Loggerhead (Caretta caretta)

Stranding Location: Buck Hall boat landing, McClellanville, SC

Arrival Date: 07/20/2014

Age: Juvenile

Weight: 34.3 kg (~75 lb.)

Case History

This juvenile loggerhead was found lethargic and floating by Buck Hall boat landing in McClellanville, SC by a recreational fisherman who contacted the South Carolina Department of Natural Resources. Michelle Pate, Sea Turtle Coordinator from SCDNR, transported the animal to the Aquarium’s Sea Turtle Hospital for examination and medical treatment.

Treatment

Upon arrival, staff found the heart rate to be 32 beats per minute and proceeded to take morphometrics and check for pre-existing tags. Blood was taken for full analysis and despite the outward appearance (thin, loaded with barnacles, lethargic), “Buck” had excellent blood work. Because of the buoyant nature of the turtle, initial treatment included two antibiotics, subcutaneous fluids and vitamin C. When Buck was put in a shallow tank of brackish water, s/he displayed very odd swimming behavior that resembles neurological problems seen in past cases. This could turn out to be a very interesting case!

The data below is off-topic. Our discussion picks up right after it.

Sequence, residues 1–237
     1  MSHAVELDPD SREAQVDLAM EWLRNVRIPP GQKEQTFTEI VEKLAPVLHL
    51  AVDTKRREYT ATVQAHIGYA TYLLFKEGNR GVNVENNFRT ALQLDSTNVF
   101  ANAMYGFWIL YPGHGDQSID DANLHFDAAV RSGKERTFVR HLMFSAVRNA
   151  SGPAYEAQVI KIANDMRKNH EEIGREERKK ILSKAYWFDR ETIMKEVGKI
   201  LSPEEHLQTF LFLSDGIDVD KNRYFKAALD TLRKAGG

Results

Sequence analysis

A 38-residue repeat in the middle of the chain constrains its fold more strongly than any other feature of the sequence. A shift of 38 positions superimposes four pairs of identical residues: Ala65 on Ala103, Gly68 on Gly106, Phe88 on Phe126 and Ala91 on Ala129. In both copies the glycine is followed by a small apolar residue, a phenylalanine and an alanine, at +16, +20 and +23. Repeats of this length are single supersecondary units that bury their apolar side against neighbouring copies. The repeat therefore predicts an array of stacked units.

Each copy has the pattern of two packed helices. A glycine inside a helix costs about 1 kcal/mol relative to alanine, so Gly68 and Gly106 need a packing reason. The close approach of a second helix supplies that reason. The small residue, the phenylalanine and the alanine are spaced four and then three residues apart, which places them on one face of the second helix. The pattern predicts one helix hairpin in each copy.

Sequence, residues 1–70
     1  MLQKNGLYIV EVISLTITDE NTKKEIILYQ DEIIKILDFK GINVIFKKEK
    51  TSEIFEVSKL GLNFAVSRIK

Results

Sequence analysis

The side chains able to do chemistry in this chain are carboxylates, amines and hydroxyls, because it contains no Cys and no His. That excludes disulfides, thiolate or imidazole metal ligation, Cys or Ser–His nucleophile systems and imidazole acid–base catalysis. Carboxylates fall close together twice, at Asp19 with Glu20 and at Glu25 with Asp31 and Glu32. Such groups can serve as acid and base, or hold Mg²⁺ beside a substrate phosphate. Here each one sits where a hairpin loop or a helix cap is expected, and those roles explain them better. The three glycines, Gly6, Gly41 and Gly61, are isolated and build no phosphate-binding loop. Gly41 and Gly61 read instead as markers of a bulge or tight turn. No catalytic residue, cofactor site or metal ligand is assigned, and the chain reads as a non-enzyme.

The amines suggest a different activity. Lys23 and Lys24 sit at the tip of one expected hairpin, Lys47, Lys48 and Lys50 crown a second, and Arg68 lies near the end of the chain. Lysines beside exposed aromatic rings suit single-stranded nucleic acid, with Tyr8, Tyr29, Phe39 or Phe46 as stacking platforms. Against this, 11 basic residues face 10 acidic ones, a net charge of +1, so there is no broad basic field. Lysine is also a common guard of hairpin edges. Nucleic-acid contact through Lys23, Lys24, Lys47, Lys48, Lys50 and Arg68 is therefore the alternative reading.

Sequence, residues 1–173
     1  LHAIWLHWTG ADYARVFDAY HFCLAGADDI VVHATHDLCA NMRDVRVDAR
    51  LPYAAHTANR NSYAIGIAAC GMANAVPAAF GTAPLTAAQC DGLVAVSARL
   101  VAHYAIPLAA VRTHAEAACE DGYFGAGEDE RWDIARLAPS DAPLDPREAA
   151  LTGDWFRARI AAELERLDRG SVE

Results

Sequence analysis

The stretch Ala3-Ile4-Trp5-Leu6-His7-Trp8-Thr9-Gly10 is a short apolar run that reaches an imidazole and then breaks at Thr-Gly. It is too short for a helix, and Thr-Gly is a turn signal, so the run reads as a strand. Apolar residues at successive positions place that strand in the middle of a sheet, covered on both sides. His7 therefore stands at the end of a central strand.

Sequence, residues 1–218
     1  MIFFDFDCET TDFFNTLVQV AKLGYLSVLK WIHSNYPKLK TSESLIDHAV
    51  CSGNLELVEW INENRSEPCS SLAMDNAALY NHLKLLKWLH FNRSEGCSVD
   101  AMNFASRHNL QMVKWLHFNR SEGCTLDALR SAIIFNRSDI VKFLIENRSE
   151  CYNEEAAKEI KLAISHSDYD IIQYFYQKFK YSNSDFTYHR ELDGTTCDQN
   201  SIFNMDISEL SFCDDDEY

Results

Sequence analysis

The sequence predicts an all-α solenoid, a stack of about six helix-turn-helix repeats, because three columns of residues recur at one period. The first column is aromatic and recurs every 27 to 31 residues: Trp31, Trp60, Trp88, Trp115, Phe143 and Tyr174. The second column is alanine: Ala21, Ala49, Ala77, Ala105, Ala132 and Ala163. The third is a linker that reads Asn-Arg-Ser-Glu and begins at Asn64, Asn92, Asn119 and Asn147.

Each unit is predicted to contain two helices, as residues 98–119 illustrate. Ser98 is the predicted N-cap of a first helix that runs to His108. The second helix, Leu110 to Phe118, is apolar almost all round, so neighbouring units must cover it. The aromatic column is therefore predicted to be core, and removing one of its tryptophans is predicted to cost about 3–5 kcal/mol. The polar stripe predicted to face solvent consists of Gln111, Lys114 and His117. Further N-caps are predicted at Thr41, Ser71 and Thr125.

Updates

21 July 2014: Radiographs were taken to see if the cause of Buck’s floating was apparent. Typically, floating is caused by air trapped in a turtle’s gastrointestinal tract by an impaction or by air in the coelomic cavity (body cavity). Coelomic air can be caused by a number of things including internal infection. Both intestinal and coelomic air can normally be seen on x-ray but in this case we saw nothing out of the ordinary, making this case even more puzzling. So far, Buck has no interest in food.

4 August 2014: Buck and another juvenile loggerhead, Boyles, both stranded within days of each other displaying similar neurological issues and symptoms of lockjaw. These two cases do have a few differences, however. (Please check out Boyles’ page for relevant updates.)

Buck is still lethargic, asymmetrically buoyant, and being kept in a shallow tank of water. However, this turtle is eating on his own as of July 29th, which is great news as his body needs the nutrients to recover from illness. The chewing necessary to eat is great physical therapy for his jaw, which has a limited range of motion, and we are also manually exercising his jaw to increase its range of motion. We are continuing treatment with medications, including antibiotics.

Release Date

Release Location